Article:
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The Cosmic Tusk Newsletter

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Again, again, again, again — and AGAIN!: Jupiter impacts continue to defy NASA estimates

 

LIVE UPDATE:  See here to watch tonight for the potential scar of the impact.

The Tusk focuses laser-like on impacts experienced by ancient humans. But when called for, I share items from current events that prove our thesis that the rate of cosmic collisions is far greater than generally acknowledged by science (and NASA).

Yesterday the impossibly improbable happened once more on Jupiter: The 5th planet took the 5th slap in recent years as recorded by amateur astronomers Dan Peterson of Racine, Wisconsin and George Hall of Dallas. Hall’s video.

See earlier Tusk posts:

May 18, 2010 New Study: Impact frequency on Jupiter wrong by order of magnitude

June 4, 2010 THREEPEAT!: Jupiter takes third hit in two decades; second in a year

June 28, 2010 NASA planetary protection chief: Impact estimates flawed!

August 23, 2010 Again, again, again and again: Jupiter hit far more often that NASA models predict

News reports of the Jupiter impact that will have no follow-up:  http://bit.ly/QEom09

Below is Don Yeomans, the go-to-guy at NASA for impact threat analysis (for decades now), quoted in 2010 suggesting that it is “time we revise” our impact models. Well, Don? You have had two years — and I note no further comment and no revised impact models.

Jupiter is getting hit more than we expected. Back in the days of Shoemaker-Levy 9 (SL-9), we calculated that we should see an impact on Jupiter once every hundred years or so. We considered ourselves extraordinarily lucky to witness the SL-9 event. But look where we are now.  Anthony Wesley has observed two impacts within the past 12 months alone. It’s time to revise our impact models [particularly for small impactors]

– NASA’s Don Yeomans quoted June 10, 2010.

These people no longer have any credibility with me. Fooled me once shame on you, fooled me twice shame on me — fooled me five times in a row sc#% you. The fact that Jupiter is seen hit a fifth time now in less than two decades — with four in the last three years — is prima facie evidence that there are more objects out there that threaten the gas giant and earth.

Perhaps as alarming as NASA’s failure to adjust their statistics in the face of facts, is the science media’s failure to ask the hard questions of Yeomans, et. al.; for instance, are their Jupiter impact “models” incorrect? And what is being done to rectify them? But as we have seen time and again regarding the underestimated risk of cosmic collisions — the subject consistently eludes the curiosity and professional responsibility of the Fourth Estate.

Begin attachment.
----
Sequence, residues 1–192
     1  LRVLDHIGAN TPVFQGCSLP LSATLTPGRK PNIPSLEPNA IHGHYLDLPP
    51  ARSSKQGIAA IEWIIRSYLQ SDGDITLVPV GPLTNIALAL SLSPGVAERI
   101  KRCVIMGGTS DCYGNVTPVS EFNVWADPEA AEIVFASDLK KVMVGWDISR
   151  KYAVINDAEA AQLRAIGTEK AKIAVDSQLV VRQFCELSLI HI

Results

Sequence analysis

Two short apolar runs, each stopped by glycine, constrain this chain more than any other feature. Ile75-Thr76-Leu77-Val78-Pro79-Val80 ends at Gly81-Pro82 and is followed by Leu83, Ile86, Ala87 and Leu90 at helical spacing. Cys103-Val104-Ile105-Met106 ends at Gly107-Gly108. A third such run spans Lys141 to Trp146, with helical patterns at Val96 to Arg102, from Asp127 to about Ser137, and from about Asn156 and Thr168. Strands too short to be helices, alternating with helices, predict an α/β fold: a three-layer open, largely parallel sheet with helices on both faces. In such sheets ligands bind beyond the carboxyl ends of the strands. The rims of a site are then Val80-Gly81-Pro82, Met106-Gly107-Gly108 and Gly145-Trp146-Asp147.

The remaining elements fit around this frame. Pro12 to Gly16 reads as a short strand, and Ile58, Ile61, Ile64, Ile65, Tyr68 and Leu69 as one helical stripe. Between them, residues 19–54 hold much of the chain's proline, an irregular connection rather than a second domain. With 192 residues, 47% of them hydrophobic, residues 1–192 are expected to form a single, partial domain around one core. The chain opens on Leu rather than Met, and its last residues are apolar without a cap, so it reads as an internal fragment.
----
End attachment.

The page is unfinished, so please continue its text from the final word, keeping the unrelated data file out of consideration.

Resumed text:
There will be another silly round of, “Wow! Who’d a thunk?!?.” But there will be no follow-through, no hard questions, and no surprise at the Tusk.

News reports of the Jupiter impact that will have no follow-up:  http://bit.ly/QEom09

 

 

28 comments to Again, again, again, again — and AGAIN!: Jupiter impacts continue to defy NASA estimates

  • E.P. Grondine

    Hi George

    There’s another video here:

    http://www.petapixel.com/2012/09/11/amateur-astrophotographer-captures-huge-explosion-on-jupiter/

    That can be downloaded.

    Thanks for the link to Don Yeoman’s 2010 call for a recalculation of impact estimates.

    You have to remember that if NASA management did not fund his request, or the Congress did not insist on NASA doing it and pay for it, it’s not his fault.

  • This is not OK.

    Our government needs to protect its population. Whatever the threat, it must be PROPERLY characterized before further action. We haven’t even gotten to the “proper characterization” phase and this is a clear and present threat.

    Clear as in that light to be seen from Earth’s surface was easily in the 100s of gigatons range. Clear as in sub-continental destruction when (not if) that stuff hits Earth, years or decades of climate change, extinction of some species and widespread habitat effects from stress to complete destruction….

    If anything, this could be the ultimate destiny of the UN. Before we wait for that eventuality, however, its time to spread the word domestically and petition NASA and Congress for sure!

    TimH

  • E.P. Grondine

    Congress has alreay issued instructions on this to NASA. As a matter of fact, NASA is supposed to report to the Congress this month on its plan for an integrated response to the impact hazard.

    My opinion is that baring a major change in view in NASA’s SMD top management, appropriate response is likely to linger. Also, hazard estimtion needs far more funding by NSF.

    In the meantime, Project B612 is trying to raise donations for a space based telescope. They’re astronauts, and they had the right idea for their effort, wehich was to form a non-profit foundation for it. They have begun work on international co-ordination.

    I did what I could. In my opinion, a similar non-profit foundation needs to be set up to study both recent smaller impacts and impacts in general. While stroke intervened in my case, I doubt if much progress can be made by any private individual working on private resources.

    The loss of the Cambridge Conference as a cleaaring house for impact research and news was a severe blow. I don’t know who could replace Dr. Peiser in this role.

  • Why am I paying higher property taxes to live at the edge of an Ocean basin?

    Why am I even paying property taxes at all?

    I swear I may have to stop visiting Cosmic Tusk altogether. It will be the final straw that triggers my nervous breakdown! Tooo many impacts! Tooooo many GIGATONS!

    But I will direct all policy makers here for their wake up call. And for Tusk TV. And all the cool science papers. And the devoted readership of hugely diverse and valuable experience base. And….yeah, yeah.

    - Frightened Mole.

  • E.P, Grondine

    Carefully note the impact rebound shown is this edit of the video:

    http://www.space.com/17534-jupiter-impact-explosion-amateur-astronomers.html

    Kind of makes you wonder where NASA’s Shoemaker Levy 9 fragments’ impact video is?

    You know, the one assembled from the multiple international telescope images of them.